John Clarkson - Features
In 'The Image That Made Me Weep' John Clarkson reflects on a photograph of The Who taken backstage after their performance at Live Aid.
In our new series 'Tickets Rewind', in which our writers look back at their old concert tickets and the stories associated with them, our Editor John Clarkson reflects on some of his favourite gigs.
Willard Grant Conspiracy
In 'Ten Songs That Made Me Love...' John Clarkson pays tribute to Robert Fisher from the Willard Grant Conspiracy, who died at the age of 59 in February and who we interviewed many times and headlined our Bands Nights on four occasions
John Clarkson writes of ten of his favourite songs in the solo career of the late Lou Reed
In our 'Soundtrack of Our Lives' column, in which our writers describe the personal impact of music upon them, John Clarkson writes about hearing in 2000 London-based indie band Baptiste's first two singles, 'A New Career in a New Town' and 'The Quiet Times'
Pennyblackmusic photographer-in-residence Matt Williams’ latest photographic exhibition, ‘Shield Your Eyes, Shield Your Pies’, opens at the West End in Centre in Aldershot on May 7th and closes on May 30th. Find out more about it here.
Competition to win two signed copies of rock writer Mick Wall's new book 'Star Trippin' which compiles together several of his best articles from between 1985 and 1991, and includes interviews with Motley Crue, Def Leppard, the Red Hot Chilli Peppers, Led Zeppelin, Ozzy Osbourne, Iron Maiden and Gun
80's London-based new wave group the Sound were always massively popular in the Netherlands. John Clarkson examines the band's tragic legacy, and their Dutch Radio Recordings of 5 momentous Sound concerts, which have been released consecutively
Nashville-based singer-songwriter Doug Hoekstra and Willy Vlautin, the front man with Portland, Oregon-based alt. country band Richmond Fonatine have both just released their fictional debuts. John Clarkson profiles them both
John Clarkson examines Don Letts' powerful new DVD film 'Punk : Attitude' which puts a fresh light and focus on the already often told history of the rise of punk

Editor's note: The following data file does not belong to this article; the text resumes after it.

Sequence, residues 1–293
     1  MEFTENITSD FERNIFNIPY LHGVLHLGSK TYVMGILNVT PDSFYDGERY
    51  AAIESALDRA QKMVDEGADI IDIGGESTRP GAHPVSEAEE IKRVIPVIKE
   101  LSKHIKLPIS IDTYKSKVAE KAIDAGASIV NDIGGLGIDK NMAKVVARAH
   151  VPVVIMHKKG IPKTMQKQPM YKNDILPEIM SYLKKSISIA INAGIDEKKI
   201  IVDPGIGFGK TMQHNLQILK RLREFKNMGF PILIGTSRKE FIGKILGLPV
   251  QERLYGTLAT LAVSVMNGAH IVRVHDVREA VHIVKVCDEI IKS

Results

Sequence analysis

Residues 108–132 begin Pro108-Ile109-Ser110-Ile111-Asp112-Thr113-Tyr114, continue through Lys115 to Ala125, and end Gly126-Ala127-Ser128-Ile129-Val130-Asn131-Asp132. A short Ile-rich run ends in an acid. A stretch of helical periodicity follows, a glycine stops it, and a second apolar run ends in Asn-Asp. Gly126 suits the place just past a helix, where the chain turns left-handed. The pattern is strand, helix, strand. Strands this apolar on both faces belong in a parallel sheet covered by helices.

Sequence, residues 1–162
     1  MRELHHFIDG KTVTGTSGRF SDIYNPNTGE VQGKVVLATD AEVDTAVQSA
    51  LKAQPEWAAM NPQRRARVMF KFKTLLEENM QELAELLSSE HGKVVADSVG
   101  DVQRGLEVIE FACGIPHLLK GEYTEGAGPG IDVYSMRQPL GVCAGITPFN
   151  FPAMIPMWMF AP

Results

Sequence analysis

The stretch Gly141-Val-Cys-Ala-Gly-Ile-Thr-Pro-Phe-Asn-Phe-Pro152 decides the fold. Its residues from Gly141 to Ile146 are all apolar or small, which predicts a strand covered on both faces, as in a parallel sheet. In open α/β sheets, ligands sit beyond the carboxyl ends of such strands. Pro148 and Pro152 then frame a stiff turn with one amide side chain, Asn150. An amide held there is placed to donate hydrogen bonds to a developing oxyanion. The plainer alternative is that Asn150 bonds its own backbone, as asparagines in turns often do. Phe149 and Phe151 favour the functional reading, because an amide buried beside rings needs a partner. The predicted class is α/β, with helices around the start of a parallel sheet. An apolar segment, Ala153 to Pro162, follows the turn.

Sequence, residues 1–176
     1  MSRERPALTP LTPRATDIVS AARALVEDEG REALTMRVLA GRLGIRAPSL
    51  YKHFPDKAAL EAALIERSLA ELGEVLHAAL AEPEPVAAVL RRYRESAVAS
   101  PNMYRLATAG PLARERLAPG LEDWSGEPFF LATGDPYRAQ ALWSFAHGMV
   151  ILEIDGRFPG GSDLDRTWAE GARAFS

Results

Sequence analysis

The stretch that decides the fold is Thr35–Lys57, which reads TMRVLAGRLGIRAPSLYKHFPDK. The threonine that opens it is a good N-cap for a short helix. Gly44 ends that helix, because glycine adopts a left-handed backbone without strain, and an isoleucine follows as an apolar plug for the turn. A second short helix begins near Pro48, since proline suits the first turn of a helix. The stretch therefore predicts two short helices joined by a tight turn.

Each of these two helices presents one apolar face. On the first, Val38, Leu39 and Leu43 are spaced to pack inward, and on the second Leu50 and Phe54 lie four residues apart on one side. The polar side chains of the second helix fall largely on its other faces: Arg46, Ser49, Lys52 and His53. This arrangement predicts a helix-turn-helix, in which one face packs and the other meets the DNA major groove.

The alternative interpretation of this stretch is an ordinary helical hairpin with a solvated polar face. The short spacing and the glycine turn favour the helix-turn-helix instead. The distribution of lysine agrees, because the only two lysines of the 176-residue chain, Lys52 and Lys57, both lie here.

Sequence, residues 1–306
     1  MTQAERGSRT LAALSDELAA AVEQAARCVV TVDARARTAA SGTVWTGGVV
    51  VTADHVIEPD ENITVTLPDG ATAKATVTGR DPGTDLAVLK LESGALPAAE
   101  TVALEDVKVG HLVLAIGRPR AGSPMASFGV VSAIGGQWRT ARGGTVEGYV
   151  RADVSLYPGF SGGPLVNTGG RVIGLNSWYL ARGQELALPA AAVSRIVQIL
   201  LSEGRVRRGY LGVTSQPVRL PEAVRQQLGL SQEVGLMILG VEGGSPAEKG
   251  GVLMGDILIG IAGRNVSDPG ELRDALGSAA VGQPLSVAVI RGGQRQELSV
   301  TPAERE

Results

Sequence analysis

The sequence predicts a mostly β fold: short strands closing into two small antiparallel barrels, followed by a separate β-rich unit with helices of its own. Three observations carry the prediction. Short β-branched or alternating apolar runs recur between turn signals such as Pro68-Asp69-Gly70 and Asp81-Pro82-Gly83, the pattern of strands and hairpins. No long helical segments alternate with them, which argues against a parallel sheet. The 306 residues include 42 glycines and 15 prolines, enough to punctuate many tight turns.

The Glasgow Apollo was a legendary 70's and 80's rock venue, thought of which makes many Scots over 40 become weak with nostalgia. John Clarkson finds Martin Kielty's new book about the long closed theatre essential, compelling reading
Chicago-born, but Nashville-based musician Doug Hoekstra has been away for a while, but is now back with both a new studio EP, 'Six Songs', and a live album, 'Su Casa, Mi Casa.' John Clarkson profiles both CDs
"Riveting and compelling" account of the rise and fall of 70's hard rock band Thin Lizzy, and its frontman, Phil Lynott
Long overdue, but heavily flawed account of John Lydon's life post the Sex Pistols and in PiL and beyond
Massively influential in punk circles, the Ruts came to an abrupt end when their singer, Malcolm Owen died of an heroin overdose shortly after they released their debut album. John Clarkson charts the band's history and examines their lasting legacy
Pennyblackmusic photographer Matt Williams' first exhibition of rock photography opens in April, and will feature 35 photos that Matt has taken over the last four years. Find out more about it here !
Once described as having been to “punk what Big Star are to pop music”, the Canadian group the Nils were one of the most influential, but also most under-rated punk groups of the 1980’s. John Clarkson examines their history and legacy
Dead Can Dance
The most internationally successful of all the acts on the 4AD label, the Dead Can Can Dance recorded eight albums in a career that expanded from 1981 to 1998. With a new retrospective box set just out, John Clarkson examines their prolific history
One of the major issues that many independent bands have to consider and address is how best to raise the necessary capital to make their singles or albums. The bulk of indie groups, often even those on fairly well known labels, have to pay for studio a
1990 was spent mainly touring, and working on songs for the next album, and 1991 began optimistically with the group playing their largest ever St Valentine’s Day Massacre at London’s Brixton Academ